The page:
I always try to read everything that Jeremy Grantham’s GMO publishes, but I somehow missed this one until it was republished on Meb Faber’s Idea Farm. Good stuff: Don’t Act Like Stalin.
Lot’s of good takeaways (as always). GMO’s main point was that chasing recent performance is a game you can’t win. All good strategies (and good managers) have periods of outperformance and underperformance.
But while chasing performance is a terrible move, so is sticking with a bad strategy or a strategy that is likely to be a lousy fit in a given macro environment (i.e. owning bonds in an inflationary environment or owning gold and commodities in a severe disinflationary environment).
This is where communication is important. Talk to your manager and ask them to explain their strategy. If it’s outperforming, ask them why. If they can’t explain it (or if they get excessively cocky about it), I’d question how sustainable the performance is. You might want to bank your profits and move on.
Likewise, if they’re having a bad year, ask them why. If they can’t explain it, they get overly defensive or their answer just doesn’t make sense, don’t hesitate to cut them loose. But if their strategy makes intuitive sense to you and it offers diversification alongside other strategies you’re running (that great alchemy of uncorrelated returns!), then give the manager a little leeway.
Not for the manager’s benefit, of course. His or her wellbeing is not your concern. But if you employed them for a reason (i.e. their strategy tends to zig while the rest of your portfolio zags) then you should hang on long enough to get the expected benefit.
As a case in point, Grantham and his team lost half their assets under management in the late 1990s when value lagged growth. But Gratham absolutely killed it in the years following the tech crash… and his former clients that bailed on him missed out.
Prospect Capital’s (PSEC) latest earnings release didn’t do much to improve investor sentiment toward the stock. It remains mired in trading range and sits are barely 70% of book value.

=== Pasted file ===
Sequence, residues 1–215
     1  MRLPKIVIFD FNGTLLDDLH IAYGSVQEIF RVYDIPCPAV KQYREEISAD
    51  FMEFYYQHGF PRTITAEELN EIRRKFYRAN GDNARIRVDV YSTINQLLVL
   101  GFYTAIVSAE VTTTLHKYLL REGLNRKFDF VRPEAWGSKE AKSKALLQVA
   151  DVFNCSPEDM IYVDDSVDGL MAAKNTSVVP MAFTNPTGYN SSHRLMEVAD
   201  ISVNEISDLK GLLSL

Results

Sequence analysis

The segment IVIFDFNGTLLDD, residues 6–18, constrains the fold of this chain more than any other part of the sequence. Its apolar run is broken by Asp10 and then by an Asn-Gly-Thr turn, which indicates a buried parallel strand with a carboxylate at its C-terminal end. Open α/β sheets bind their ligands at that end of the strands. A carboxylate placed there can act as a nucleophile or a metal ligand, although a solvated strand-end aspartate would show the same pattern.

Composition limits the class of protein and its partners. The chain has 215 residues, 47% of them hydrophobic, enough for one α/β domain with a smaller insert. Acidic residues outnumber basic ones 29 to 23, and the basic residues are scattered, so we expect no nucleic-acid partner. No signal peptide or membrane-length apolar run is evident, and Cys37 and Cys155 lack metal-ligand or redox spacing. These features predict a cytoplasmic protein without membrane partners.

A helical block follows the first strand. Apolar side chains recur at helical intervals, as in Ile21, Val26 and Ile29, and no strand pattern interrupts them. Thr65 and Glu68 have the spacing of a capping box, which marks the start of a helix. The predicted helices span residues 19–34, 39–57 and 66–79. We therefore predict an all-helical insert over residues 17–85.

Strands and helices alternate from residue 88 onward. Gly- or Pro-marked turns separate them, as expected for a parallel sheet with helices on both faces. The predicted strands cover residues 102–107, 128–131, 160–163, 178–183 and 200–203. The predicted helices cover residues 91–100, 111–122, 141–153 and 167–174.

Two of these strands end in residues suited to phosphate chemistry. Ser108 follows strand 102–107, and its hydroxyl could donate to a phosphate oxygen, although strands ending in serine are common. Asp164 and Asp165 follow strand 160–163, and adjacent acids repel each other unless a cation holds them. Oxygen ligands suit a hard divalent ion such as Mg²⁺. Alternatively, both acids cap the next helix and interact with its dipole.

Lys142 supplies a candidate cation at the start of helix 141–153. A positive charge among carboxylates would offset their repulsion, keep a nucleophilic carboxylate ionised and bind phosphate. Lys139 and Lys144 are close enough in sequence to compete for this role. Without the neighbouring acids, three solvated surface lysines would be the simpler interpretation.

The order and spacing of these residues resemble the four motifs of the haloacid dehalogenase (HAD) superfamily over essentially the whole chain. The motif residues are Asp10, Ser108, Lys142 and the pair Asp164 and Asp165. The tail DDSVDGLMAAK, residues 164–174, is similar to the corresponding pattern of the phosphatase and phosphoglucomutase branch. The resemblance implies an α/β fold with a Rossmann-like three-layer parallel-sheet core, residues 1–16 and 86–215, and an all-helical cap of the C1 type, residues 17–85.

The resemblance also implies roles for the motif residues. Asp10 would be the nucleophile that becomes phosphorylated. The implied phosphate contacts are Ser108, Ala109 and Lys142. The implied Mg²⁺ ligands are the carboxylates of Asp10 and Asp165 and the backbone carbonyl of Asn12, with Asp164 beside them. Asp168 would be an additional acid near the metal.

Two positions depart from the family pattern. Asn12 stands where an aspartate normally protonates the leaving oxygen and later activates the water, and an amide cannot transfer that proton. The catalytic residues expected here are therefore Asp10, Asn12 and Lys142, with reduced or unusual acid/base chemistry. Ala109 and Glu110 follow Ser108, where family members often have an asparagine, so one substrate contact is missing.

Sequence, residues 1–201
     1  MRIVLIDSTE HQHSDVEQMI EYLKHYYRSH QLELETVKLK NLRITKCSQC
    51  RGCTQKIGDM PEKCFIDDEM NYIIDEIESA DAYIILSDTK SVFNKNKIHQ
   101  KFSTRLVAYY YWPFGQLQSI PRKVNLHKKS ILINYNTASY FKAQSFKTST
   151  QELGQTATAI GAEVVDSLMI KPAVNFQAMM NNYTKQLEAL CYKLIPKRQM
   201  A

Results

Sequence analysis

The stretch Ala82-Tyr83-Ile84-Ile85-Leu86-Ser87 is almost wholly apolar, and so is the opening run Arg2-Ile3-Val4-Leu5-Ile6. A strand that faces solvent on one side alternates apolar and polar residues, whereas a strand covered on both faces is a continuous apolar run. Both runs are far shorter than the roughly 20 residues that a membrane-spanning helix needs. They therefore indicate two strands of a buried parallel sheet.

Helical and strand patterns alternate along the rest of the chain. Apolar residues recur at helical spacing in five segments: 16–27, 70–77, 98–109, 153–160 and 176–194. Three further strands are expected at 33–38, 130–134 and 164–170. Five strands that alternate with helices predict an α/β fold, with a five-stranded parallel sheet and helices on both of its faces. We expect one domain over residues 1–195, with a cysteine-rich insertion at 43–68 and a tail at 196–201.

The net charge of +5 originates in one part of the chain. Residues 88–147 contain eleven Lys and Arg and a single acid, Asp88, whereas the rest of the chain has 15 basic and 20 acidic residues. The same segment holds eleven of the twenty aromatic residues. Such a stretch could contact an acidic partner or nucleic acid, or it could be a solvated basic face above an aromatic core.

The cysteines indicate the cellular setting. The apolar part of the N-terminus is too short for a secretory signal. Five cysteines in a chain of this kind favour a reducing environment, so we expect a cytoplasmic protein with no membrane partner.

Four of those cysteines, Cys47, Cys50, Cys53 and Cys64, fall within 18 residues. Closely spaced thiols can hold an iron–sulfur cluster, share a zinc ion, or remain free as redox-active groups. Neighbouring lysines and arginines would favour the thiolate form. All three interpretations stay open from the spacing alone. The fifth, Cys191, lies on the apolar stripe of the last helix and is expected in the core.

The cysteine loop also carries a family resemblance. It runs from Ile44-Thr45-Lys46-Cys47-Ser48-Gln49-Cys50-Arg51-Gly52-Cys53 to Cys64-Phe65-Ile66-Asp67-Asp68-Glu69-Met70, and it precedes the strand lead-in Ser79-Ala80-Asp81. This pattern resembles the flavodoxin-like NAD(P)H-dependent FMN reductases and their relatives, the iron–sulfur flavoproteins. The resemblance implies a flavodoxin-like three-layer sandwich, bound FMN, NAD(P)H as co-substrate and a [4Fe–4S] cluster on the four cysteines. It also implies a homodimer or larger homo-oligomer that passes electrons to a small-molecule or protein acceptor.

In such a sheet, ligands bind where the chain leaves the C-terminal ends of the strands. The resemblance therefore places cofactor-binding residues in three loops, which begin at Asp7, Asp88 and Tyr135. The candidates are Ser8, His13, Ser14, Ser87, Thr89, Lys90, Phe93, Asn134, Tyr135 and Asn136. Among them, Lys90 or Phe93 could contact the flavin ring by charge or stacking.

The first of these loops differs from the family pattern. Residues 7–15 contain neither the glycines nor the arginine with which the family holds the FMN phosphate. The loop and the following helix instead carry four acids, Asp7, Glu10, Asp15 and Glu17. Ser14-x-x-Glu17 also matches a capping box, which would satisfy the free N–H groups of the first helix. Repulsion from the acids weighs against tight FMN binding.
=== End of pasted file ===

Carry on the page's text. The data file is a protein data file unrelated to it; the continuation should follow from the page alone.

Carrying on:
PSEC has long been accused of being a little more aggressive than its peers in valuing its assets. But even so, at these levels it is safe to say that Prospect is trading at a deep discount to the value of its underlying portfolio.
We all know it’s a tough market for business development companies. Funding costs are rising at a time when yields on investment are falling due an glut of capital in the space.
So, here’s a novel idea for management: Halt all new investment and instead plow the proceeds into share repurchases.
I’m not joking. Prospect shares yield 11% at current prices, which is about in line with its new originations. But it also trades at a 28% discount to book value and is diversified. So why accept the risk of a new origination if you can simply reinvest in your own shares and be done?
Stock buybacks get a bad reputation — and justifiably so. It seems that for most companaies, a share repurchase is little more than an expensive mop to soak up share dilution from executive stock options or other share-based compensation.
So, it’s refreshing to see a company like LyondellBasell Industries (LYB). When Lyondell announces a share buyback, they mean it. The company has reduced its share count by about 10% per year for the past three years while also raising its dividend by nearly 20% per year.
That’s a company that takes care of its shareholders.
With market volatility picking up this past week, now is as good a time as any to review why it’s important to take your losses early.
Gain Required to Break Even
If you lose 10%-20% in a trade, it’s not that hard to recover. It only takes 11% – 25% to get back to where you started.
But if you lose 50%, you need 100% returns to get back to break even. Or if you lose 97% — as Bill Ackman recently did in Valeant Pharmaceuticals — you’d need a ridiculous 3,233% on your next trade just to get back to zero.
I have a select few stocks in my portfolio that I’m truly willing to buy and hold, tolerating whatever volatility the market throws at me. As an example, I own some shares of Realty Income (O) that I will never sell. I’m reinvesting the dividends and letting them compound, and I’m willing to sit through a significant drawdown.
But for the lion’s share of my portfolio, I take my losses early. I’ve taken enough losses over the years to learn that lesson the hard way…
Disclaimer: This material is provided for informational purposes only, as of the date hereof, and is subject to change without notice. This material may not be suitable for all investors and is not intended to be an offer, or the solicitation of any offer, to buy or sell any securities nor is it intended to be investment advice. You should speak to a financial advisor before attempting to implement any of the strategies discussed in this material. There is risk in any investment in traded securities, and all investment strategies discussed in this material have the possibility of loss. Past performance is no guarantee of future results. The author of the material or a related party will often have an interest in the securities discussed. Please see Full Disclaimer for a full disclaimer.